Staying Power

Maine: Seven years after winning a down-on-its-luck inn and restaurant, Maryland expatriates find an unbeatable combination in hard work and hospitality.

January 23, 2000|By Arthur Hirsch

CENTER LOVELL, Maine -- Word gets around. Even a German magazine touted the Center Lovell Inn & Restaurant, prompting at least two of its readers to make the astonishing discovery that American dining is not all golden arches and Southern colonels in white suits. Sometimes it's a couple from Maryland pursuing a life adventure, cooking up a reputation for providing fine food and accommodations.

Richard and Janice Cox arrived from Stevensville, Md., late in the spring of 1993 under strange circumstances. For a $100 entry fee and the effort of writing an essay, they had won the white Victorian on the hill, the life, the joy and the toil. The Coxes were a good story, and it was told on national television, in magazines and big newspapers.

Celebrity passes, the work continues. The Coxes have not merely made a go of it, they have transformed the place into a draw for travelers and diners from up and down the East Coast and even a few from overseas. They've shaken the 10-bedroom inn from a long sleep, and during business seasons are not resting much themselves.

"I find it's better not to count how many hours of sleep you get," says Janice. "I think if you kept track, it would kill you."

How much sleep was it today? Five hours? Whatever. The autumn day dawns in cold, steady rain, and there's Janice hustling between kitchen and dining room, preparing a full breakfast of French toast, fruit and yogurt, and pouring coffee for seven guests, doing the gracious hostess thing: "How are you this morning? Did you sleep well?"

Somehow, Janice is smiling. Somehow, her demeanor is perky without being cloying. Under the circumstances, this borders on the supernatural, yet her temperamental buoyancy seems genuine enough.

In the last six years her upbeat disposition has come in handy, what with the demands of the guests and the house itself, an early 19th-century pile that has variously groaned and creaked and even crashed its pleas for attention. The Coxes say they've put about $250,000 into the place in maintenance, renovation and new equipment, roughly half the amount the previous owners believed the property was worth. If this makes the deal seem somewhat less of a prize package than it might have first seemed, the Coxes are not complaining.

There have been trying moments, naturally. During their second Maine winter, 1995, things literally came crashing down. First the thermometer mercury, then pieces of the building.

One severely cold January night the Coxes stayed up keeping the wood stove going. The wind blew and the temperature dropped to about 40 below zero, and despite the best efforts, some pipes froze and burst.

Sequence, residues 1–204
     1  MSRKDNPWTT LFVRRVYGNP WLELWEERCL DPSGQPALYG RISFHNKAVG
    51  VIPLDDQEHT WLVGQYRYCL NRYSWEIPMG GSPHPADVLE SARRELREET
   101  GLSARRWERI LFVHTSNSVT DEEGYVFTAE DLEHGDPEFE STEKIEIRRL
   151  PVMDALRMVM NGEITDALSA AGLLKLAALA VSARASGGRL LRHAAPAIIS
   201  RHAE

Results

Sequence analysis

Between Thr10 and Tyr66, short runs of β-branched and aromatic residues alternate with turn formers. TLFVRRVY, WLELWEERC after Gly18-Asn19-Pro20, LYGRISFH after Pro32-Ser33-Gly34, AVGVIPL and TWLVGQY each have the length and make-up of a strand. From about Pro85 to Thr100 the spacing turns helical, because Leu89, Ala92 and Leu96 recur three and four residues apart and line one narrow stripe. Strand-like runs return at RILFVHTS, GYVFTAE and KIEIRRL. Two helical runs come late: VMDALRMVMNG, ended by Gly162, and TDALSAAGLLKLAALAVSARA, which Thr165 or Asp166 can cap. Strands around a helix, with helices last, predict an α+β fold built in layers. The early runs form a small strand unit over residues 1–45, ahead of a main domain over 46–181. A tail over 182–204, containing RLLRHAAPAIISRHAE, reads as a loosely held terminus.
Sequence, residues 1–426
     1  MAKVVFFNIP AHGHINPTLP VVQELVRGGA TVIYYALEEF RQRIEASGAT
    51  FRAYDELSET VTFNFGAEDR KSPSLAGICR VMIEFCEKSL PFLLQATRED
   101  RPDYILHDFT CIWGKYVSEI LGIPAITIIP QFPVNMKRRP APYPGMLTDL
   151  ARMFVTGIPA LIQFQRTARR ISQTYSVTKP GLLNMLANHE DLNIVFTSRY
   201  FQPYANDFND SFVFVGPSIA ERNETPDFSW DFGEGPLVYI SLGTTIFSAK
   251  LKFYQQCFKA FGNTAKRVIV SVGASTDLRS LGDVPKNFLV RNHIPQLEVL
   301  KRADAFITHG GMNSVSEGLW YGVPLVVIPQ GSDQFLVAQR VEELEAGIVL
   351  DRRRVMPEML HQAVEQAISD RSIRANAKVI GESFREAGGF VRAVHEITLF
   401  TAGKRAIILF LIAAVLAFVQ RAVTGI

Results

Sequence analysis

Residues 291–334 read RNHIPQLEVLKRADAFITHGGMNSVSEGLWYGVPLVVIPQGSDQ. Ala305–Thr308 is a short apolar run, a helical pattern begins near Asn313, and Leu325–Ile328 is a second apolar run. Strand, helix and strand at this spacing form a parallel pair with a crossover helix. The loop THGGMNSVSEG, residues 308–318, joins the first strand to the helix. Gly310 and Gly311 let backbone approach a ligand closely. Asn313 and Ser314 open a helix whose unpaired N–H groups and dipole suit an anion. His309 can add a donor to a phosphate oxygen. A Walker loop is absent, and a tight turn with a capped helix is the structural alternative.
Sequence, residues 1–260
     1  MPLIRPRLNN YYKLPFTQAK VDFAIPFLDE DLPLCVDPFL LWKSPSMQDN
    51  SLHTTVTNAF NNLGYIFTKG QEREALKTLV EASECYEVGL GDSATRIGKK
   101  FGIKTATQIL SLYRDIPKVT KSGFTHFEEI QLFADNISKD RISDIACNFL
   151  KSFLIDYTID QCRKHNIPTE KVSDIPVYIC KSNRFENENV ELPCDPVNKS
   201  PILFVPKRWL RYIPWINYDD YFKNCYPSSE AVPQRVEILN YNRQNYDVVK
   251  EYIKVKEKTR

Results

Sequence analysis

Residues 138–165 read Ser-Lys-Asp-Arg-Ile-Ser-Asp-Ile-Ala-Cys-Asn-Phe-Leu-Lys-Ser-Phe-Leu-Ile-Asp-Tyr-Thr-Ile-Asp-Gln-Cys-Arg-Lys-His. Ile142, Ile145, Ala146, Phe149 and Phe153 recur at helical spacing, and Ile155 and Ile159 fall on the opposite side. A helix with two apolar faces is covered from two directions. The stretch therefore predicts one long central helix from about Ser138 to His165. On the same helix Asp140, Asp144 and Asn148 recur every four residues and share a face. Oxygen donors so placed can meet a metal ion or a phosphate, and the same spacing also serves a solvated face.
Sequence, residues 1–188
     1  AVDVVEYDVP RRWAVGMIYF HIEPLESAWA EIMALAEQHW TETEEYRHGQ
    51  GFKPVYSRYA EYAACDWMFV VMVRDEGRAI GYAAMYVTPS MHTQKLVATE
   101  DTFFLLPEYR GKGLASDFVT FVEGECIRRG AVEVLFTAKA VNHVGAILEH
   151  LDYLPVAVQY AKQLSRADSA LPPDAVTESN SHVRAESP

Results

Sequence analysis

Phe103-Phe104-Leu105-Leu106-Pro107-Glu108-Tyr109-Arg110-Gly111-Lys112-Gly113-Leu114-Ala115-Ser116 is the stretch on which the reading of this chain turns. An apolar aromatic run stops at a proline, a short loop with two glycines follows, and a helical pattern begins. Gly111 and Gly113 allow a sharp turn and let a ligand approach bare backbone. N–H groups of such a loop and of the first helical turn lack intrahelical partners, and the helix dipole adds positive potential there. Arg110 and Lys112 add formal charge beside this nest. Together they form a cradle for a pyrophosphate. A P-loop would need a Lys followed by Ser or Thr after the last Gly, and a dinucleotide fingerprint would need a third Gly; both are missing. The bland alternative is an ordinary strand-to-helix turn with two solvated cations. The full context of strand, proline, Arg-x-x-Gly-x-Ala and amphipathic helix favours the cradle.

"I kept hearing all this creaking at various places in the house," says Janice. "It was about 5 o'clock in the morning, and I happened to be walking by the bathroom ..."

That's when she heard the crash. A window in a second-floor guest room -- yielding to the pressure of an ice mass above formed by a roof leak -- had popped out and fallen onto a bathroom floor. Part of a front guest room ceiling collapsed. No guests were staying at the inn, but customers were expected in three weeks for Valentine's Day. Speedy repairs had to be made on the window, ceiling and assorted plumbing.

Then there was the discovery of that unfortunate fact about the foundation: Beneath the front of the house it was moving. Janice's father, Earle R. Sage, a retired builder and designer who serves as the inn's chief maintenance engineer, designed a solution that involved pouring concrete through cellar windows, turning part of the basement into a solid block.

The list goes on. The Coxes have repaired porch decks, replaced screens and all the beds, and are scheduled to have the roof repaired in March. While the inn was closed this fall, Janice and one hired helper refinished the wooden floors in the front hallway and all the dining room woodwork, replaced the ceilings on the first floor, replaced and re-papered the parlor walls.

"I enjoy it, it's relaxing," Janice says. "People think I'm nuts."

Much of the inn decor has been brightened up with new wallpaper and paint, although the style hasn't changed. The place is done in a traditional, country motif with patterned wallpaper, antiques, Oriental rugs and bare wood floors and woodwork. The gardens in front and back showcase Janice's handiwork and also supply edible flowers and herbs for the kitchen.

Richard cooks

Richard runs the kitchen, which has been transformed from a home-style affair to a professional restaurant workplace with new range, ovens, broiler, stainless steel hood and work tables. That first summer in 1993 Richard alone prepared food for a dining room that seats either 40 or 85 people, depending on whether it's warm enough for customers to sit on the screened-in porch. Now he has two kitchen assistants, part of the staff of two to 10 part-time employees, depending on the time of year. Janice's mother, Harriett Sage, also works as restaurant hostess and helps with interior decorating.

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